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Interview: Illustrator Ben Holland on his pen and ink pub portraits

CONSIDERING what a major part of the British landscape pubs are it seems strange that they are not the subject of more art.

Think about it. Try naming a famous painting that shows the outside of a tavern or bar.

You could try and make a case for Edward Hopper’s Nighthawks, though that’s more a diner, and it’s American, but other than that it’s a struggle – there’s no Hay Wain for those more a fan of the inn down the road.

All of which just makes the work of Newcastle-based illustrator Ben Holland the more interesting.

Ben Holland with his Crown Posada artwork

“I just wanted to draw the world around me, the everyday places that play a big part in normal life,” said Ben, 32, a former finalist for the Biscuit Factory Foundation’s Young Artist of the Year prize.

“Pubs are the places people meet, go on first dates, split up, laugh, listen to music, celebrate the football and commiserate over relegation – They’re just a microcosm of everyday life and I love that.”

Growing up in Ormskirk, Lancashire, English literature graduate Ben moved to Newcastle in 2000, settling in Heaton and beginning to draw pen and ink portraits of his local area at night.

“I’ve always been drawing ever since I was a kid,” he said. “My mum and dad encouraged it and that’s the key really.

“I say you can’t be taught art and what I mean is, you can be taught the basic skills and tricks but you can’t be taught what to like or how to express the world as you see it.

“You just like what you like, I suppose. When I was going through college I got more from Canaletto painting than a Mark Rothko. Everyone’s different. I just like attention to detail and at the moment, pen and ink enables me to do that in my own work.”

Ben’s Low Moon Over High Town collection features a number of almost ethereal portraits of Tyneside pubs, from the Free Trade Inn, Cumberland Arms and Cluny in Ouseburn, to the Trent House, Bodega and Crown Posada in Newcastle city centre, and even the Cumberland Arms in Tynemouth.

Ben Holland’s Free Trade Inn

“If a person likes one of these pubs, they generally like them all,” said Ben, who grew up in Ormskirk, Lancashire, and whose formative pub experiences involved drinking lager in the town’s Greyhound tavern while listening to Bob Dylan and Pink Floyd on the jukebox. “They are ‘proper’ pubs with character and atmosphere, rather than stainless steel bars.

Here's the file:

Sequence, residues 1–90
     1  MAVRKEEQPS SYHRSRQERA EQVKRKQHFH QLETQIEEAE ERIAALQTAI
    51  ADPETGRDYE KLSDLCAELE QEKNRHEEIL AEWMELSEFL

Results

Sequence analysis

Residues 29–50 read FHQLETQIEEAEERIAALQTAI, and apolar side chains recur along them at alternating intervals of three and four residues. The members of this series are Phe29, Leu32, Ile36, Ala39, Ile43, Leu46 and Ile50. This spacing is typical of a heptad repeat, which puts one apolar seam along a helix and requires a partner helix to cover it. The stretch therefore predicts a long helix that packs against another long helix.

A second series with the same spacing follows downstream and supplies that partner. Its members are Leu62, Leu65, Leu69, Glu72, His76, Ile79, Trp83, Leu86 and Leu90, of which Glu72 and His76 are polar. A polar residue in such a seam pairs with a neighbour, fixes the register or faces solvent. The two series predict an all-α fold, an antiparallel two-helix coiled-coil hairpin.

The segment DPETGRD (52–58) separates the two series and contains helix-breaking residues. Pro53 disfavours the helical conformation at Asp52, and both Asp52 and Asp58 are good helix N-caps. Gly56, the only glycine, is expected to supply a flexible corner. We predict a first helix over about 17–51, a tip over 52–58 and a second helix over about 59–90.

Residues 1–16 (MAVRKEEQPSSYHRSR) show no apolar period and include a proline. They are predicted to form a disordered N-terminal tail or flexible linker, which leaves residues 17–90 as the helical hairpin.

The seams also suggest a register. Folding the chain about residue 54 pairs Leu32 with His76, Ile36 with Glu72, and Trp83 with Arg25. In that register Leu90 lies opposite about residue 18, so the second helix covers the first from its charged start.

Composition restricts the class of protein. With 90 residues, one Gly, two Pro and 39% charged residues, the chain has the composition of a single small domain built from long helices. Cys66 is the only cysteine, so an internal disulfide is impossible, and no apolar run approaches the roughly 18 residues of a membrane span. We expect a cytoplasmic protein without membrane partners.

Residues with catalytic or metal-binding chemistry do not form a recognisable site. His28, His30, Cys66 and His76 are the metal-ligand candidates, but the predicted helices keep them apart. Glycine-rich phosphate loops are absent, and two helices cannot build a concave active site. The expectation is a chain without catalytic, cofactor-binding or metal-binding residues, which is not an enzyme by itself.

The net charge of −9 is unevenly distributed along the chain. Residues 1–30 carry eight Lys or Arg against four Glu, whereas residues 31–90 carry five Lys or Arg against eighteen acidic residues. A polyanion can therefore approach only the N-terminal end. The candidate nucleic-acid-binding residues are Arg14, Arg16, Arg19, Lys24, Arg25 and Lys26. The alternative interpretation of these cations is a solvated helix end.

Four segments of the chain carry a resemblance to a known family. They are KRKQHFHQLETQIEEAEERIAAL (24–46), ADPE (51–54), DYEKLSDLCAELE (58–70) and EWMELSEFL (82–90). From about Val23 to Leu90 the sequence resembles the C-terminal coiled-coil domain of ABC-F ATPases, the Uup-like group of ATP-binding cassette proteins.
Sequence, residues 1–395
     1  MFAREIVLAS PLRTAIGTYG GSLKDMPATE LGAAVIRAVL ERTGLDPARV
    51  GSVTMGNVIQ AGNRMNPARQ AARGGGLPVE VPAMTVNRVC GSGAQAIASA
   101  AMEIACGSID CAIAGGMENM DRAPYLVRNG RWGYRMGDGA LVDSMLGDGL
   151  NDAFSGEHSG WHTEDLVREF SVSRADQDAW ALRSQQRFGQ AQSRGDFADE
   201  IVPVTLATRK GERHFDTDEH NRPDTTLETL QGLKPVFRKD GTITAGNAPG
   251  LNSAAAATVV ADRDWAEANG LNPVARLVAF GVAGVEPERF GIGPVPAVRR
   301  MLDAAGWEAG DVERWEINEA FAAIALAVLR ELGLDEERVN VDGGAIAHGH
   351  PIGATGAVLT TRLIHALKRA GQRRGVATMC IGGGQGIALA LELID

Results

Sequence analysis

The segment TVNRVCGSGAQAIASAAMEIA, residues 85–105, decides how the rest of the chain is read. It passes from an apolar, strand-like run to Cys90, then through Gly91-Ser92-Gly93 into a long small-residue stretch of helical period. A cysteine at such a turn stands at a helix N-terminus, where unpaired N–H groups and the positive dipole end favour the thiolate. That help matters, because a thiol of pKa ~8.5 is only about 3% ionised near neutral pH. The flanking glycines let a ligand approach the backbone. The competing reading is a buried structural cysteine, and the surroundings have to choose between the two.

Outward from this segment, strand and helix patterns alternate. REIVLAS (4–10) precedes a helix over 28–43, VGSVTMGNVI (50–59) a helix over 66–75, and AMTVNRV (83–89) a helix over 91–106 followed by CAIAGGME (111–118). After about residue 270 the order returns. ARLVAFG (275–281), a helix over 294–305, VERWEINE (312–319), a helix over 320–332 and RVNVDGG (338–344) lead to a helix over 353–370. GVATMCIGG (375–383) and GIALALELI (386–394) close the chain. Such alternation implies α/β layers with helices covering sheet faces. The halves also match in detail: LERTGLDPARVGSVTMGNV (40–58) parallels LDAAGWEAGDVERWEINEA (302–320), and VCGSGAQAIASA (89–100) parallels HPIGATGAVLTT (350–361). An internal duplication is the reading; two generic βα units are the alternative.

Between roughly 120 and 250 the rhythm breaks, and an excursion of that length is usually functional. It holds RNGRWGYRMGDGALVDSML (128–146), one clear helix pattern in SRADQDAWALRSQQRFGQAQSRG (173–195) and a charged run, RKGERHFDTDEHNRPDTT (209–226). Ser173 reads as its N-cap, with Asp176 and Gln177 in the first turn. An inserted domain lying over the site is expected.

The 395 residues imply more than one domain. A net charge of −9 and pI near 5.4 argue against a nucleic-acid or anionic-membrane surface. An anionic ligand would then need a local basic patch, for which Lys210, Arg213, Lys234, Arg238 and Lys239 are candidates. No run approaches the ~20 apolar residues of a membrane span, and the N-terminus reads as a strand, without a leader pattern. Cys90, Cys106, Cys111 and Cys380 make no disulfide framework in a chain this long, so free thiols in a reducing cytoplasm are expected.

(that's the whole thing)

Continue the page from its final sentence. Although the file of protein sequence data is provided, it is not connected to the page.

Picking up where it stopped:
“I take photographs of the pubs from all sorts of angles as if I sat outside to draw them I’d be like a skeleton – each drawing takes around 20 to 25 hours to complete.

“I generally photograph the venue in both day and night before I start so I can understand the detail in the daylight and where shadows fall or lights shine at night.

“From that I can draw something that is a mixture of the two giving, hopefully, a unique spin on the building.

“A lot of people buy the pub pictures because they mean something – they met their now husband or wife in the Trent, went to their first gig at The Cluny or always had a pint with their dad on a Sunday at the Crown Posada,” added Ben, who now seeks out Cullercoats and Wylam ales if he finds them on the bar.

“You could call them a bit nostalgic in that respect but other people buy prints as they just like the style of the drawings themselves, or just like to drink in the pubs of course.”

Many of Ben’s prints are currently on display at Pink Lane Coffee, near Newcastle Central Station – or you can see them all on his website, www.lowmoonoverhightown.com.

And next up, in April, he’s planning to release a range of greetings cards and tote bags with new illustrations on.

“I’m also a massive music fan and have got a project underway drawing legendary music venues and record shops,” he said.

“On top of that I’m also chipping away at a book illustration project and a couple of commissions for weddings and birthdays so there’s plenty going on.

“And I might even draw a couple more pubs too, you never know.”

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